Print BottomLeft View of a Binary Tree
In this article, we will tackle the problem of printing the bottomleft view of a binary tree. This problem requires us to find and print the leftmost elements at each level of the binary tree when viewed from the bottom. To solve this problem, we will use a depthfirst search (DFS) approach to traverse the tree and keep track of the leftmost elements at each level.
Problem Statement
Given a binary tree, we want to print the bottomleft view of the tree. The bottomleft view of a binary tree is the set of nodes visible when the tree is viewed from the left side at each level. In other words, for each level of the tree, we want to print the leftmost node at that level.
Example
Let's consider a binary tree as an example:
10
/ \
2 4
/ / \
3 6 5
\
7
/ \
8 11
The bottomleft view of this tree is [3, 6, 8, 11]
when viewed from the left side at each level, as
indicated by the arrows in the tree diagram.
Idea to Solve the Problem
To print the bottomleft view of the binary tree, we can perform a depthfirst traversal of the tree while maintaining a record of the leftmost node at each level. We will use an unordered map to store this information, where the key will represent the level of the node, and the value will be the leftmost node's value at that level. We'll start the traversal from the root node with a distance of 0 and increment the distance as we move to the right child and stay at the same distance when moving to the left child.
Pseudocode
Here is the pseudocode for solving the problem:
function bottomLeftView(node, distance, record):
if node is not null:
record[distance] = node.data
bottomLeftView(node.right, distance + 1, record)
bottomLeftView(node.left, distance, record)
function printBottomLeft():
record = empty unordered map
bottomLeftView(root, 0, record)
distance = 0
while distance < size of record:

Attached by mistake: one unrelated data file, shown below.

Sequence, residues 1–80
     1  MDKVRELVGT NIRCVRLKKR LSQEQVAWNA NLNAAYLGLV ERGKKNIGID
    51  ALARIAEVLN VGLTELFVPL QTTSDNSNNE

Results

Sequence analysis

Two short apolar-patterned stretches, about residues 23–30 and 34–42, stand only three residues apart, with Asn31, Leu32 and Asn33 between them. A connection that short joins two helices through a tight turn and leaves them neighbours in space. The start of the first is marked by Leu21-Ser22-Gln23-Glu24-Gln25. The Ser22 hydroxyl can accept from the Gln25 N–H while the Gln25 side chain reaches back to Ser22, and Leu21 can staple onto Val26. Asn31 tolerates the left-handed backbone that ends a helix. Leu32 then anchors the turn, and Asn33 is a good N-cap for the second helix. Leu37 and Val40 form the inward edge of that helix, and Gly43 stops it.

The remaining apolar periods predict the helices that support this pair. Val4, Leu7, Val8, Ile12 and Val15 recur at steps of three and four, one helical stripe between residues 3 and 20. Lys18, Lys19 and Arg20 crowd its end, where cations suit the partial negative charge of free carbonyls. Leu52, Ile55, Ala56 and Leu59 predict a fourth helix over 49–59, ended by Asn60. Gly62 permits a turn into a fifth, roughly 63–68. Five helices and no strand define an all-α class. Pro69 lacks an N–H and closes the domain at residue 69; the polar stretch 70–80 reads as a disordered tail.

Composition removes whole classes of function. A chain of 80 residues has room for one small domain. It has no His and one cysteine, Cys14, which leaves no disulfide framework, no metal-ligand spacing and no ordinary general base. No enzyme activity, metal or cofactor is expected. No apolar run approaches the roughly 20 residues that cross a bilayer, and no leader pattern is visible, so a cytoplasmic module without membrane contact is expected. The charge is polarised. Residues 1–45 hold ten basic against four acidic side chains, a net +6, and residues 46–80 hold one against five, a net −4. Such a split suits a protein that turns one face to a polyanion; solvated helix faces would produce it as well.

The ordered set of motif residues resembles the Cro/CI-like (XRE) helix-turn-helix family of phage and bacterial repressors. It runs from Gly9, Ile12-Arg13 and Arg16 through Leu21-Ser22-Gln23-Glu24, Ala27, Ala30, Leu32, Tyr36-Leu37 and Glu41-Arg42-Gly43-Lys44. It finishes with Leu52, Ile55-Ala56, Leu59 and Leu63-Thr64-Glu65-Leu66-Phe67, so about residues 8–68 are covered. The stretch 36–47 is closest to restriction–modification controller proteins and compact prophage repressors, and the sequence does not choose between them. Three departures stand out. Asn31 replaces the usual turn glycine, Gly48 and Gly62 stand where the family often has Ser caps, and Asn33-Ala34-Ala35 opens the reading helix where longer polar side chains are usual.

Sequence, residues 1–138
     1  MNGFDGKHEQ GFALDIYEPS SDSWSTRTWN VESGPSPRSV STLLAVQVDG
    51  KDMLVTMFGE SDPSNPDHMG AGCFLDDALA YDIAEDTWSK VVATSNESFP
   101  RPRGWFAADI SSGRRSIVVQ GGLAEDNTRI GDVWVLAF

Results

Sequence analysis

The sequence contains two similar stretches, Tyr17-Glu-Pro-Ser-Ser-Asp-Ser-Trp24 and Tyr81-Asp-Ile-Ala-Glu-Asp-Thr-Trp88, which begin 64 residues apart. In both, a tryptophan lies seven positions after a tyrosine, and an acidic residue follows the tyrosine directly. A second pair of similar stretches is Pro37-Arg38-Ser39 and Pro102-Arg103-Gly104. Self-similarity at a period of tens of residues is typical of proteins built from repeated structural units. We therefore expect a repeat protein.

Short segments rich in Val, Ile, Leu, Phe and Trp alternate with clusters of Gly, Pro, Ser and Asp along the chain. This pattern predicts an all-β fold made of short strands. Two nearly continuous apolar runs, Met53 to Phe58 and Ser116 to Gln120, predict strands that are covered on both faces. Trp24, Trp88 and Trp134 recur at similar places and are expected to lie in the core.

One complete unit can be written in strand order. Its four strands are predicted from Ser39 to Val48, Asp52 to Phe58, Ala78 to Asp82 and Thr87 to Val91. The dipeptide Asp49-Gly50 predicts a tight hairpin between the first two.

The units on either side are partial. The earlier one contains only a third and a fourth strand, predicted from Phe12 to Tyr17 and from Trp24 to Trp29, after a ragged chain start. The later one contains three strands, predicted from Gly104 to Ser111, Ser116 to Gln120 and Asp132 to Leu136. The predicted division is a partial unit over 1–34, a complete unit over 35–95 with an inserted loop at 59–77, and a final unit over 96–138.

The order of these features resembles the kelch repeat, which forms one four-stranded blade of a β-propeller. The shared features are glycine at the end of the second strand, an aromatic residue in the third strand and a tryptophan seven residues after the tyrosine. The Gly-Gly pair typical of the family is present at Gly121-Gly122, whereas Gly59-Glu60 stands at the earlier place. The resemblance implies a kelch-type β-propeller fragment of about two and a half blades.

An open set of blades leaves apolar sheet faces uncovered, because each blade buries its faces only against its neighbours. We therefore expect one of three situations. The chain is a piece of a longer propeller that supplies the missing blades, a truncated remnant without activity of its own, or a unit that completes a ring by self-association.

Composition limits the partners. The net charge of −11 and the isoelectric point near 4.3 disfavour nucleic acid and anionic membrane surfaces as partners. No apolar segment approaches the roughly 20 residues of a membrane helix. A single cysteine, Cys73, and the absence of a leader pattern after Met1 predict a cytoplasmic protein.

print record[distance]
increment distance by 1
Algorithm Explanation
 We start by initializing an empty unordered map called
record
to store the leftmost nodes at each level.  We call the
bottomLeftView
function starting from the root node with an initial distance of 0.  In the
bottomLeftView
function: If the current node is not null, we update the
record
with the node's data at the current distance.  Then, we recursively call the function for the right child with an increased distance (moving right).
 We also recursively call the function for the left child without changing the distance (moving left).
 If the current node is not null, we update the
 After the traversal is complete, we iterate through the
record
map, starting from distance 0 and printing the leftmost node's value at each level.  We increment the distance by 1 in each iteration until we have printed all the leftmost nodes at each level.
Code Solution

1) Bottom left view of binary tree in c++
2) Bottom left view of binary tree in java
3) Bottom left view of binary tree in c#
4) Bottom left view of binary tree in vb.net
5) Bottom left view of binary tree in php
6) Bottom left view of binary tree in node js
7) Bottom left view of binary tree in python
8) Bottom left view of binary tree in ruby
9) Bottom left view of binary tree in scala
10) Bottom left view of binary tree in swift
11) Bottom left view of binary tree in kotlin
12) Bottom left view of binary tree in golang
Time Complexity of the Code
The time complexity of this code is O(N), where N is the number of nodes in the binary tree. This is because we visit each node once during the depthfirst traversal, and the map operations take constant time.
Please share your knowledge to improve code and content standard. Also submit your doubts, and test case. We improve by your feedback. We will try to resolve your query as soon as possible.
New Comment